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The Rubaiyat of Omar Khayyam
     

The Rubaiyat of Omar Khayyam

3.7 16
by Omar Khayyam
 

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Edward FitzGerald gave the title The Rubaiyat of Omar Khayyam to his translation of poetry attributed to the Persian poet, astronomer and mathematician Omar Khayyam (1048-1123). The word "Rubaiyat" means quatrains - verses of four lines. These works by Fitzgerald are the best known English translations. This edition contains both the first and fifth editions

Overview

Edward FitzGerald gave the title The Rubaiyat of Omar Khayyam to his translation of poetry attributed to the Persian poet, astronomer and mathematician Omar Khayyam (1048-1123). The word "Rubaiyat" means quatrains - verses of four lines. These works by Fitzgerald are the best known English translations. This edition contains both the first and fifth editions of the Rubaiyat. This influential translation is seen by many as a zenith of English literature in the nineteenth century. Fitzgerald states that his translation "will interest you from its form, and also in many respects in its detail: very unliteral as it is. Many quatrains are mashed together: and something lost, I doubt, of Omar's simplicity, which is so much a virtue in him." And, "I suppose very few People have ever taken such Pains in Translation as I have: though certainly not to be literal. But at all Cost, a Thing must live: with a transfusion of one's own worse Life if one can't retain the Original's better. Better a live Sparrow than a stuffed Eagle."

Editorial Reviews

Booknews
Fitzgerald compulsively revised his translation of the "Rub<'a>iy<'a>t," resulting in four published editions, all of which are presented here with their original prefaces and notes, along with all extant versions of FitzGerald's translation. Decker supplies biographical and textual introductions that make use of FitzGerald's correspondence to seek motives for his revisions, the aim being to to unearth a full record of the poem's textual evolution, to provide an interpretive context, and to illuminate the complex process of revision. Annotation c. by Book News, Inc., Portland, Or.
From the Publisher

"An attractive new edition with a lengthy essay by Tony Briggs, who characterises the poem, memorably, as 'the story of the apocalypse told to us by a kind uncle.'"  —Daily Mail

"A lovely new edition . . . Professor Briggs does us all a favour by putting before our red and weary eyes FitzGerald and this legacy from an older Iran."  —Times

Product Details

ISBN-13:
9781412170604
Publisher:
eBooksLib
Publication date:
04/21/2010
Sold by:
Barnes & Noble
Format:
NOOK Book
File size:
83 KB

Meet the Author


French-born artist Edmund Dulac (1882–1953) achieved prominence during the Golden Age of Illustration. His work encompasses a wide variety of themes and styles, although he preferred to work in watercolors and remains best known for his imaginative illustrations for fairy tales and other children's books.
Omar Khayyám (1048–1131) was among the Middle Ages' most influential thinkers. Scholar, astronomer, mathematician, and poet, the Persian philosopher wrote one of  the most important pre-modern treatises on algebra but is best remembered for his poetry.
Edward FitzGerald (1809–1883) was a scion of one of Great Britain's wealthiest families who devoted himself to Oriental studies. His translation of Khayyám's verse, published anonymously in 1859, initially received little attention but gradually achieved enormous popularity and influence.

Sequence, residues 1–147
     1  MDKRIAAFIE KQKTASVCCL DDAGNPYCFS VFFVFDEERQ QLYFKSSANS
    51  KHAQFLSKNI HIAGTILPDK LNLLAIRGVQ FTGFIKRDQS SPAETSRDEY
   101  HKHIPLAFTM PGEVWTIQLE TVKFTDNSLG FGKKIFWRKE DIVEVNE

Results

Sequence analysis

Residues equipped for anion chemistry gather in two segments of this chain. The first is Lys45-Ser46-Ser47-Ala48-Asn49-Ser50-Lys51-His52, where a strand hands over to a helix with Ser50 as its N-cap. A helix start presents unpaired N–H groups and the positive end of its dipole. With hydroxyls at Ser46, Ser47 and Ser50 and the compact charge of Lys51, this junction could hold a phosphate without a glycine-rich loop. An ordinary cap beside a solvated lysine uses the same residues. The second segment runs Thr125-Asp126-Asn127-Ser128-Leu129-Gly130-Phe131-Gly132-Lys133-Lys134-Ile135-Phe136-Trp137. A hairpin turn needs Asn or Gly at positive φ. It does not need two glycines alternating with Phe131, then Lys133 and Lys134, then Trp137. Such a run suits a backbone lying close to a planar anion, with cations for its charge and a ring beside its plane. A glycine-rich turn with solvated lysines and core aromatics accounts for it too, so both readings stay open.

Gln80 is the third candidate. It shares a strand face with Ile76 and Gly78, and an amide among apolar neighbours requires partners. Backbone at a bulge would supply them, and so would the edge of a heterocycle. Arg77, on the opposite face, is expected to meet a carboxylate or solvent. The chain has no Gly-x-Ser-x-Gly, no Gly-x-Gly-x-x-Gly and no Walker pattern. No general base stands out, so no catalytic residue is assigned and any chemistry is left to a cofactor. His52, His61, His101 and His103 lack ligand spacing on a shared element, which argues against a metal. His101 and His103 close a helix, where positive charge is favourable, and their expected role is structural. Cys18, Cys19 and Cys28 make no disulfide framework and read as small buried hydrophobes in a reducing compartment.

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The Rubaiyat of Omar Khayyam (Barnes & Noble Edition) 3.7 out of 5 based on 0 ratings. 16 reviews.
jharlam More than 1 year ago
The Rubaiyat of Omar Khayyam is among the few masterpieces that has been translated into most languages, including English, French, German, Italian, Russian, Chinese, Hindi, Arabic, and Urdu.

The most famous translation of the Rubaiyat from Farsi into English was undertaken in 1859 by Edward J. Fitzgerald. It appears that in many of his translations, he has combined a few of the Rubaiyat to compose one, and sometimes it is difficult to trace and correspond the original to the translated version. However, he has tried his utmost to adhere to the spirit of the original poetry.
Guest More than 1 year ago
I cannot fathom how this ancient classic hasn't been rated before now. The simplistic way that the 'AABA' poetry pattern was used to tell a story is an easy yet ingenius way to appeal to children and adults alike. Paradise Lost may be too difficult for some to understand, but this (also a story told in poem form) is relatively 'reader friendly' using poems, it tells tales and it is most interesting. I have the 1947 edition of this and every once in a while I pick it up. Even for a child who can't read, the lifelike pictures are enough to inspire interest. Omar, son of Abraham, certainly had something when he wrote this book and Edward Fitzgerald did as well when he brought it to English readers. Parents should now bring this book to their children if only to enlighten them and to keep its contents alive.
Anonymous 7 months ago
Easy read
DoeReid More than 1 year ago
I found it easier to understand one verse at a time and then put things together as I read for the "el grande mosaic".
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JodiK More than 1 year ago
The Rubaiyat in itself is a beautiful story. The way that Fitzgerald illustrates this interpretation, can be of the utmost importance to a person in recovery. An alocholic sees the love affair with the booze, and can vivdly see how the moving hand having writ cannot erase a line.......means wasted life. Excellent Excellent, I use illustrations in recovery groups and sessions. Cant get any better than that....they work....
Anonymous More than 1 year ago